SHIRIN EBADI Biography - Royalty, Rulers & leaders


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The Iranian lawyer and human rights activist Shirin Ebadi was born in 1947. She received a law degree from the University of Tehran. In the years 1975-79 she served as president of the city court of Tehran, one the first female judges in Iran. After the revolution in 1979 she was forced to resign. She now works as a lawyer and also teaches at the University of Tehran.


Both in her research and as an activist, she is known for promoting peaceful, democratic solutions to serious problems in society. She takes an active part in the public debate and is well-known and admired by the general public in her country for her defence in court of victims of the conservative faction’s attack on freedom of speech and political freedom.


Married with two grown-up daughters, she is credited with being a driving force behind the reform of family laws in Iran by seeking changes in divorce and inheritance legislation.


But she has also come into conflict with the law in Iran on a personal level, and been held in jail.


Her refusal to be silenced and her willingness to take on politically sensitive legal cases have won the admiration of human rights groups across the world, our analyst says.


"She is a popular figure in Iran and also she’s a key figure in reformist movement and like many other key figures in the movement she’s been harassed by the conservative forces who control the judiciary, " according to Ziba Mir Hosseini of the School of Oriental Studies in London, a friend of the lawyer.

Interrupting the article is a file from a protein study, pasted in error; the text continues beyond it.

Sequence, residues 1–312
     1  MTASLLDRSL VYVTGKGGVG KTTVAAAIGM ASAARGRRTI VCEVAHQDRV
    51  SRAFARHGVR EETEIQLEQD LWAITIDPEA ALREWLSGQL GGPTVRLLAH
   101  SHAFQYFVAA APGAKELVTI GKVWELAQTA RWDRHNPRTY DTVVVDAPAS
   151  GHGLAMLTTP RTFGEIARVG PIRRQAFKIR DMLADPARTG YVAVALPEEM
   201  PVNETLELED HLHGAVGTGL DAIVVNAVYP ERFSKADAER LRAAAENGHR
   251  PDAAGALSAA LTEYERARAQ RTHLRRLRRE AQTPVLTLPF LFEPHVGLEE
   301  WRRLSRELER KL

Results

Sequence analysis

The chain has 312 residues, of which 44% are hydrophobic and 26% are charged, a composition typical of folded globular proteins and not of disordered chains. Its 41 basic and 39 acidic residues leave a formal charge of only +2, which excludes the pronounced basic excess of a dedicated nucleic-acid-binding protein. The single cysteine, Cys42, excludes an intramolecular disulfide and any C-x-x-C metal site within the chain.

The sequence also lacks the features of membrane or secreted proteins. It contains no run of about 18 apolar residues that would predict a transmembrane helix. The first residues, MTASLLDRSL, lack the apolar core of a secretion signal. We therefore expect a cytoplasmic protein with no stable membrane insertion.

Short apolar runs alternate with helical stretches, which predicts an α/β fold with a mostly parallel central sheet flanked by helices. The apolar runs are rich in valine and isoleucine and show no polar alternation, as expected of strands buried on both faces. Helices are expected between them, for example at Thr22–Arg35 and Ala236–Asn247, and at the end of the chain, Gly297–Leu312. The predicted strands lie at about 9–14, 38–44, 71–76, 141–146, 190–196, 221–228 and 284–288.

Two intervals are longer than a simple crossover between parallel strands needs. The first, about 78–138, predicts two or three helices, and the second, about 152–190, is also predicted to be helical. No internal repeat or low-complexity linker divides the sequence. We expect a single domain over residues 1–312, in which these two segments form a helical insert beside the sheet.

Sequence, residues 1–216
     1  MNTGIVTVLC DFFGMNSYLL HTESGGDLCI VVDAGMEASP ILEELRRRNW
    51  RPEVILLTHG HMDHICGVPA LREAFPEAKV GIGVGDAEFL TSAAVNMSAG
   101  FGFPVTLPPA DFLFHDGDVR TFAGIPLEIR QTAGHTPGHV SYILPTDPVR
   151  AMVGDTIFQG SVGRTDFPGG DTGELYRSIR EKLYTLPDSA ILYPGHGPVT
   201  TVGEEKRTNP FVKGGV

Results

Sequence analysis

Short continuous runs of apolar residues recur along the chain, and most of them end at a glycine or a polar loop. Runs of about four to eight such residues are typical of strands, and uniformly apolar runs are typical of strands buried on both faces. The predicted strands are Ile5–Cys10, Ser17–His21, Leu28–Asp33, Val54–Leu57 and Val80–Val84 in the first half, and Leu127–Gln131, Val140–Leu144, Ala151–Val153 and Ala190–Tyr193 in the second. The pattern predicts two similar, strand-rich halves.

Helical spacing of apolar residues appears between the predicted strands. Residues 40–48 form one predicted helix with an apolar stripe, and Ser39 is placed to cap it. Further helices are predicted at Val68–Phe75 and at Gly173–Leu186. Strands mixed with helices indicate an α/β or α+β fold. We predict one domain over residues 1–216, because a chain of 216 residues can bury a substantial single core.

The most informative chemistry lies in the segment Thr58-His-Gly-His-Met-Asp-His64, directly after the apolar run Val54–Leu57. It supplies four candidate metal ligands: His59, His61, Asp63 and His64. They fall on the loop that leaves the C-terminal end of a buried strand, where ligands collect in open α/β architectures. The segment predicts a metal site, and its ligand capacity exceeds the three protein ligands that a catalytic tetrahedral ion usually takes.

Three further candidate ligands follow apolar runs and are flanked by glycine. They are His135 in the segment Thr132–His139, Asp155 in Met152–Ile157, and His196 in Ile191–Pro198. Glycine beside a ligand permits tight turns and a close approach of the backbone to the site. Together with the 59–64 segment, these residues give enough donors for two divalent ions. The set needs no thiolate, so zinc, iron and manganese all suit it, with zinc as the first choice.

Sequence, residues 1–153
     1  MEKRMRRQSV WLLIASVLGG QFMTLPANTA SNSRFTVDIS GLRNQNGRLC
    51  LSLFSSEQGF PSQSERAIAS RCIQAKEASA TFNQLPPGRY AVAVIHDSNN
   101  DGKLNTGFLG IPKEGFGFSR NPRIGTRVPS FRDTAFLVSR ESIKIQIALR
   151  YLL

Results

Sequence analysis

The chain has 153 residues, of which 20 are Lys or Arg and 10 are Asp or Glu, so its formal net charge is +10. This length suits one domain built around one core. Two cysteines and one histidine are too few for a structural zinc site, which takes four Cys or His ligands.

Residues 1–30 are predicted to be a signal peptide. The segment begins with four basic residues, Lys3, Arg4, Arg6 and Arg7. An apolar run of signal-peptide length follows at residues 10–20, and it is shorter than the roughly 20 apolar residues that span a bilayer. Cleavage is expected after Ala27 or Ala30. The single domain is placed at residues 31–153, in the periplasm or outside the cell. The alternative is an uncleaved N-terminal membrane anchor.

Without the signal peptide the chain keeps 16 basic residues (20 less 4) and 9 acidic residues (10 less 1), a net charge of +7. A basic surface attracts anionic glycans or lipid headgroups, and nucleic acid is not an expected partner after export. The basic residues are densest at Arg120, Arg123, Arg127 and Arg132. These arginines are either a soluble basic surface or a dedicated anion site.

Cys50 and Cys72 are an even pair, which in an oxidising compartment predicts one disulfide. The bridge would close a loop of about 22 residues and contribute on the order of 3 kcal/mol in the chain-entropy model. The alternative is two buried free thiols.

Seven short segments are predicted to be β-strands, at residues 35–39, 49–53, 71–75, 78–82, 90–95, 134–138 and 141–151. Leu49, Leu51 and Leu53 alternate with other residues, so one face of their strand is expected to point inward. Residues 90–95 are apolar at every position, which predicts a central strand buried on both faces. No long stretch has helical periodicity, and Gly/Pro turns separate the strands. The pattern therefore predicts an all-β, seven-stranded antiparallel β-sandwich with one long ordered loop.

Politically sensitive
A graduate of Tehran University, Shirin Ebadi was the first female judge in her country, serving as president of the Tehran city court, from 1975.


With the advent of the Islamic republic in 1979, however, she was forced to resign when it was decided that women were not suitable for such posts.


But Shirin Ebadi went on to establish a law practice, taking on the kind of politically sensitive cases many Iranian lawyers would not dream of touching.


Two of her clients, liberal intellectuals Daryoush and Parvaneh Forouhar, were stabbed to death in a series of killings in 1998 which turned out to be the work of "rogue elements" in the Intelligence Ministry.


She also defended women’s rights activists in the courts.


The lawyer found herself in the dock in 2000, accused of distributing the video-taped confession of a hardline hooligan who claimed that prominent conservative leaders were instigating physical attacks on pro-reform gatherings and figures.